The notion of circularity applied to historiographical inquiry is a reoccurring theme in the work of Jorge Satorre. We can understand in this concept the necessity of continuous interchanges among shifting points of view, analyzing details of isolated or apparently anomalous occurrences in the historical fabric in order to compare them with generalized or hegemonic versions. The proposal for Satorre’s second solo show in the Gallery arises from the result of a movement in this direction, towards a new context of inquiry.
In collaboration with curator Catalina Lozano, in early 2012 Satorre began a joint Project with Genaro Amaro Altamirano, co-founder and chronicler of the Community Museum in the Xico Valley, in the municipality of Valle de Chalco Solidaridad, Mexico State. Sixteen years ago Amaro Altamirano started a collection that today includes more than 5,000 Pre-Hispanic objects donated by local residents who encountered them in spontaneous discoveries while they built their houses or worked the land.
Valle de Chalco (Chalco Valley) is an area characterized by its archeological richness, which itself is a product of the diverse cultures that were based out of the area over different time periods. The municipality has been subjected to wild and unplanned growth over the past 30 years, generating serious ecological and social problems deriving primarily from the draining of a lake that once existed in the area. Today this lake is beginning to be renewed.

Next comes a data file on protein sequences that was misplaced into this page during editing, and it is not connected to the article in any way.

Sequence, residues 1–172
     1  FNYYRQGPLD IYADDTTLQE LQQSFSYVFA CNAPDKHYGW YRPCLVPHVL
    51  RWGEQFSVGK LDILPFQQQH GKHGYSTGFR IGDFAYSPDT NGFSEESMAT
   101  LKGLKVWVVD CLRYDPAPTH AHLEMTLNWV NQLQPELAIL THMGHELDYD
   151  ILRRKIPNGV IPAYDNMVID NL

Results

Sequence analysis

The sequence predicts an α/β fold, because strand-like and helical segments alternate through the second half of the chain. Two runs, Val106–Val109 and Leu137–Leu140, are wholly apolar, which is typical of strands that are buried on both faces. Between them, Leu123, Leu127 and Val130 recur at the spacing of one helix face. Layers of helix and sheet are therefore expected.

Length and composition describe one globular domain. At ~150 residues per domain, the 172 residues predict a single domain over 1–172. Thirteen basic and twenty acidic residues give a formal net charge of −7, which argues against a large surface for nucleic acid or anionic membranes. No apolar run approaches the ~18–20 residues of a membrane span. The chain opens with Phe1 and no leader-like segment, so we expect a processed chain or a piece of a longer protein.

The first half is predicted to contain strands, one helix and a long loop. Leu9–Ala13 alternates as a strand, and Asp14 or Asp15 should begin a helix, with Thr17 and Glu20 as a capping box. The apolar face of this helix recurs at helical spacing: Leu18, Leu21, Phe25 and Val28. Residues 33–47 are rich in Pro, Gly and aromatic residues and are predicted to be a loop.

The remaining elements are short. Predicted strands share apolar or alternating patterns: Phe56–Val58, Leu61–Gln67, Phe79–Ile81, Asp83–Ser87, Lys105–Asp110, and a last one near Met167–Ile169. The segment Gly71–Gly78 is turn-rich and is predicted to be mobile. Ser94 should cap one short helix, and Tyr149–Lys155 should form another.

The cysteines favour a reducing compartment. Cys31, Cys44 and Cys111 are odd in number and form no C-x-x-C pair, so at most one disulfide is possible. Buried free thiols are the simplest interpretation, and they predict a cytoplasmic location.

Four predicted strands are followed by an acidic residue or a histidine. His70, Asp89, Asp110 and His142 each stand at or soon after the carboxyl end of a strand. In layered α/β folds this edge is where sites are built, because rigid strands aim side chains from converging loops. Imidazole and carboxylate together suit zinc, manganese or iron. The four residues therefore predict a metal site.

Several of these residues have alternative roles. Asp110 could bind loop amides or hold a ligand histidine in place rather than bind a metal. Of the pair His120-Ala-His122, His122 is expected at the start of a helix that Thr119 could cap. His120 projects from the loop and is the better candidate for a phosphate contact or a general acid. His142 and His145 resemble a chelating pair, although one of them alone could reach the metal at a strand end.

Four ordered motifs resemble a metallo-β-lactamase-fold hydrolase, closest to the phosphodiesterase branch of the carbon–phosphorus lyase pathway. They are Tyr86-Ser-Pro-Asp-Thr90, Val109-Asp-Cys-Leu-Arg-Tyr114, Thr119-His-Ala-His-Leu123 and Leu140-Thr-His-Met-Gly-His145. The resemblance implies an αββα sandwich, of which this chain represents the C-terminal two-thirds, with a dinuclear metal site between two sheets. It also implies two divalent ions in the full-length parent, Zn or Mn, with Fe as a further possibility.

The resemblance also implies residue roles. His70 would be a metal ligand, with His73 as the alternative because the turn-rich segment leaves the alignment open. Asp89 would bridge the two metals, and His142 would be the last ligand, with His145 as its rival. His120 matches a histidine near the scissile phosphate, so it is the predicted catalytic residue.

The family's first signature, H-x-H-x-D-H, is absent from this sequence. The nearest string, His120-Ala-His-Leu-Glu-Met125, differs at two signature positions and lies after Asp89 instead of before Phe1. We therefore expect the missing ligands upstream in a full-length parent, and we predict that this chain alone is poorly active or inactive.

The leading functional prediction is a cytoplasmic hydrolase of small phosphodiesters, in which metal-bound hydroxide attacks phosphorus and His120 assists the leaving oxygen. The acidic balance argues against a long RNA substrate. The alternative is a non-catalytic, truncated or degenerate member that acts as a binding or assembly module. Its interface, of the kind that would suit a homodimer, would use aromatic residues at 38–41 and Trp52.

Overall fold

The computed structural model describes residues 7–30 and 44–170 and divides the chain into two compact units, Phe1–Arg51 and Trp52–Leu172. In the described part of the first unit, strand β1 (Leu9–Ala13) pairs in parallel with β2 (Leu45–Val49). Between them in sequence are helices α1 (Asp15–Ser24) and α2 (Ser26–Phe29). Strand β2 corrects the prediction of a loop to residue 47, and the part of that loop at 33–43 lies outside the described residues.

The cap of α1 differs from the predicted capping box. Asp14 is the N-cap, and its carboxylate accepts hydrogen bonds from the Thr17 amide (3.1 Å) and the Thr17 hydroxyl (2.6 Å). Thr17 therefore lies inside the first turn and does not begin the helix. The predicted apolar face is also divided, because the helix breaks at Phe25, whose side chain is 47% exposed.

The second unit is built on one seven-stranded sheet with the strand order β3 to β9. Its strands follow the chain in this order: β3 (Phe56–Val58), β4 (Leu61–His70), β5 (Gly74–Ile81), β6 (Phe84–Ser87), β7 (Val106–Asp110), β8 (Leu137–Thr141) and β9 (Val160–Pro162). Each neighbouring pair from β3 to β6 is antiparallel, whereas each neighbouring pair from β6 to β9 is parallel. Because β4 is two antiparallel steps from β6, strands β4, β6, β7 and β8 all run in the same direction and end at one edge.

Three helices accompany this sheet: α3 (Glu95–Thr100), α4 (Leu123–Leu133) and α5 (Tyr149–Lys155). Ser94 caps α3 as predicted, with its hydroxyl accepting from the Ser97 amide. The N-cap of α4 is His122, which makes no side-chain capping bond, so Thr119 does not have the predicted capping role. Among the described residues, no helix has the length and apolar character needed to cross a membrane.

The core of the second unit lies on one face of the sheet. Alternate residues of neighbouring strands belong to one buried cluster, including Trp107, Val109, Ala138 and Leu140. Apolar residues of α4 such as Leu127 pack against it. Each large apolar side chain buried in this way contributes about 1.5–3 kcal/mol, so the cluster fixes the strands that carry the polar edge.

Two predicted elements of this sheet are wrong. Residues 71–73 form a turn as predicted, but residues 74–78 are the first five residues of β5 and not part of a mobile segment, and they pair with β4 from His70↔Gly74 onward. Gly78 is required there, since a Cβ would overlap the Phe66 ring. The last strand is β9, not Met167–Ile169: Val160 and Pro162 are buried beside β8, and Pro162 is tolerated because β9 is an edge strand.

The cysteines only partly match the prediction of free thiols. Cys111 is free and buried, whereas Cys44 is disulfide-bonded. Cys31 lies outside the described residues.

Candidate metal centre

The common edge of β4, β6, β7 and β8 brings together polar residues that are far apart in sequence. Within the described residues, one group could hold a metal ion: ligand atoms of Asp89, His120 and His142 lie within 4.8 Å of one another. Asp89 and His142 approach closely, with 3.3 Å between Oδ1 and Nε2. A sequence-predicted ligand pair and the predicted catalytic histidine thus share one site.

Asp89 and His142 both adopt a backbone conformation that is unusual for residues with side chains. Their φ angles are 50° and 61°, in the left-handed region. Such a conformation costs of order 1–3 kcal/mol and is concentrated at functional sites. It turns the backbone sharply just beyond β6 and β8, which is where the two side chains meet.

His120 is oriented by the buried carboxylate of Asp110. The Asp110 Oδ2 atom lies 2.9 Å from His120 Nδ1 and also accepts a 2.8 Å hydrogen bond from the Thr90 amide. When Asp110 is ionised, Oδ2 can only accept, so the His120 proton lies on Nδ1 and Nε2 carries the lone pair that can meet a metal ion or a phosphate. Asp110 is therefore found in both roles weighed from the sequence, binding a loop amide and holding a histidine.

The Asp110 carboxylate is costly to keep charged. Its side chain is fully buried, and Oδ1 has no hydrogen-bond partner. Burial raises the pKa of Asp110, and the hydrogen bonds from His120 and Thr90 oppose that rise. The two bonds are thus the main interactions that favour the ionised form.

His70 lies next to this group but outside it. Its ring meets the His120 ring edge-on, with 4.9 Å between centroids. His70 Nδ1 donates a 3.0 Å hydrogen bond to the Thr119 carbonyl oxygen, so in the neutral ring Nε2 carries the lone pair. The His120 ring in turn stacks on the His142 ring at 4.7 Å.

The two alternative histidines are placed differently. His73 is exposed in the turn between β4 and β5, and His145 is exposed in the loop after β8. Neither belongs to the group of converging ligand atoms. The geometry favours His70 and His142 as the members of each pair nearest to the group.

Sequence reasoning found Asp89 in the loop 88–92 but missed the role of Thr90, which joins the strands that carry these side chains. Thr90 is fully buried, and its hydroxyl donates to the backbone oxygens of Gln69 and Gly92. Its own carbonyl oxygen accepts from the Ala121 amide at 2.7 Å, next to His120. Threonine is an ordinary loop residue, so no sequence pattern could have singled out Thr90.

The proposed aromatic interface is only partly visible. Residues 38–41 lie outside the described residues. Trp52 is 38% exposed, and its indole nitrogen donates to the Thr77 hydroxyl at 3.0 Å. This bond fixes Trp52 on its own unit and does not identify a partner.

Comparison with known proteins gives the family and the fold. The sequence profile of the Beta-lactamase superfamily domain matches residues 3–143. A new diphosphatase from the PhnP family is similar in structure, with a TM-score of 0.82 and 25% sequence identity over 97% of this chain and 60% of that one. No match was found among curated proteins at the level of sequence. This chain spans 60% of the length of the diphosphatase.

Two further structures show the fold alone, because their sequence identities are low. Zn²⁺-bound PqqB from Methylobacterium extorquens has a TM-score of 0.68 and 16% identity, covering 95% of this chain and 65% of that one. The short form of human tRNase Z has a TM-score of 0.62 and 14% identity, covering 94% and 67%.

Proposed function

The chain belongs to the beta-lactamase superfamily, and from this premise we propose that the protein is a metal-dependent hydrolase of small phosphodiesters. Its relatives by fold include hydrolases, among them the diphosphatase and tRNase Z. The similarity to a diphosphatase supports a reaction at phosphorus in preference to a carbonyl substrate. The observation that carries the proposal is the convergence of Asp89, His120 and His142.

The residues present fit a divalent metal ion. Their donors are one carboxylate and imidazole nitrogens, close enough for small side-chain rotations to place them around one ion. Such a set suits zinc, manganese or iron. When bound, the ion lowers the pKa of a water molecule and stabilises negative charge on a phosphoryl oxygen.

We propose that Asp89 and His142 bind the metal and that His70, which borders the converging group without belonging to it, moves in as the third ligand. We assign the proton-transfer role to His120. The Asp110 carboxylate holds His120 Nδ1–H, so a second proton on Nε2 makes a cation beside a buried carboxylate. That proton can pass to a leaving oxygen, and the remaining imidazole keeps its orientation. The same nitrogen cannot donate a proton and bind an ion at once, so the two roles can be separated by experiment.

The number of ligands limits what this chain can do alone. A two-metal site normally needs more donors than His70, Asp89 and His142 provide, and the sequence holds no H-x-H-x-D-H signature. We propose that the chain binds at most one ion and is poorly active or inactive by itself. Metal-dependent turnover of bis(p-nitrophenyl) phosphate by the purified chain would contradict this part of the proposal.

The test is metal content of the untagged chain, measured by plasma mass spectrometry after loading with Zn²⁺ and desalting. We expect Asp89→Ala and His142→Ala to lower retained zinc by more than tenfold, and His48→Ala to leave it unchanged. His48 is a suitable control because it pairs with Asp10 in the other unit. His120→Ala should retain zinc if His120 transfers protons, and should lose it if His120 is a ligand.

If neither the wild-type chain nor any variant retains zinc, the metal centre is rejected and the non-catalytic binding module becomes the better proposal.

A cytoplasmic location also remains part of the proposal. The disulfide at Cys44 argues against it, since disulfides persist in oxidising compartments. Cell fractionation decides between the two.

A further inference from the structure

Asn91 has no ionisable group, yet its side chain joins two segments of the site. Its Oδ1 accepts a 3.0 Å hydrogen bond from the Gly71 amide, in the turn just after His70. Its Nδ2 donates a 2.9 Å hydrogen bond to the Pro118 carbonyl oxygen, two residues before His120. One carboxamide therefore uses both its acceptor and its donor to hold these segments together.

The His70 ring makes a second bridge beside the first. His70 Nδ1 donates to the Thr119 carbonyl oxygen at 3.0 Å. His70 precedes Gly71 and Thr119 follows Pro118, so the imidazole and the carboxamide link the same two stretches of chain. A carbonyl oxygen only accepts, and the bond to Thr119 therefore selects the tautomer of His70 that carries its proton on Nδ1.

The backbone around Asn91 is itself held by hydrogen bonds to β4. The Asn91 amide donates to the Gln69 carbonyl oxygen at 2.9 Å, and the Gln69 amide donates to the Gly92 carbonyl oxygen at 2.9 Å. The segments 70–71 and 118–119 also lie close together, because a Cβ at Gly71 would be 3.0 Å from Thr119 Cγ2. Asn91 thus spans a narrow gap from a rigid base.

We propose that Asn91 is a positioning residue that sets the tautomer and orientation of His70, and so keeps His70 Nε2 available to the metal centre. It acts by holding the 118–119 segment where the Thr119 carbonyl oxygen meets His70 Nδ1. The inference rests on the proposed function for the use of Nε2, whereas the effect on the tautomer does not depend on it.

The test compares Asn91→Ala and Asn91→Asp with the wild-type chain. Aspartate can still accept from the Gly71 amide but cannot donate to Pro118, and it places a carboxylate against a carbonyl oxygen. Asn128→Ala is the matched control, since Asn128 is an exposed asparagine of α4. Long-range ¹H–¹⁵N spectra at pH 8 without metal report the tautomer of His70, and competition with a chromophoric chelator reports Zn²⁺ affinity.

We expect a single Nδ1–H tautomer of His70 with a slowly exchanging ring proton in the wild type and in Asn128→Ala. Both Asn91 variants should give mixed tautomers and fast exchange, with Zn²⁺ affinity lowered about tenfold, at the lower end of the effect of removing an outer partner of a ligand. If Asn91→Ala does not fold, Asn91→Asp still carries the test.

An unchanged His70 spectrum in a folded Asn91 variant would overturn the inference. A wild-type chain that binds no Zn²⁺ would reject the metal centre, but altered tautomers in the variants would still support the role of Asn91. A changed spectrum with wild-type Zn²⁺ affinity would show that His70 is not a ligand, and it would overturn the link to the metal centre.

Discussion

The museum facilities are located in a room that at the end of the 19th Century was the ranch house of Íñigo Noriega, an Indiano -Spanish who makes fortune in the Americas- who became one of the richest men in the country at that time. He was responsible for the disappearance of the lake and the consequences that followed, marking the beginning of the problems that the Chalco Valley suffers to this day. Following a familiar process of cultural appropriation, the ranch house is said to be built over top of the foundations of a Pre-Hispanic construction, for this reason the significance and the implications of the Community Museum go far beyond purely archeological considerations.
The museum does not receive any funding, instead it is maintained through the volunteer work of the local community, though relationships with the local government remain difficult. The collection is recognized and classified by the INAH (the National Institute of Anthropology and History), but many of the pieces have lost some of their archeological value, as they were not analyzed in their original context. The museum also runs its own parallel classification system that follows specific empirical archeological and historical criteria, which was developed by Don Genaro in the years following his arrival in the Chalco Valley. This classification system often differs from that used by the INAH.
This attitude of opposition to officialdom, where symbolic and affective worth exist together with the scientific aspects, is the place from where the primary collection of pieces that constitute the exposition emerges.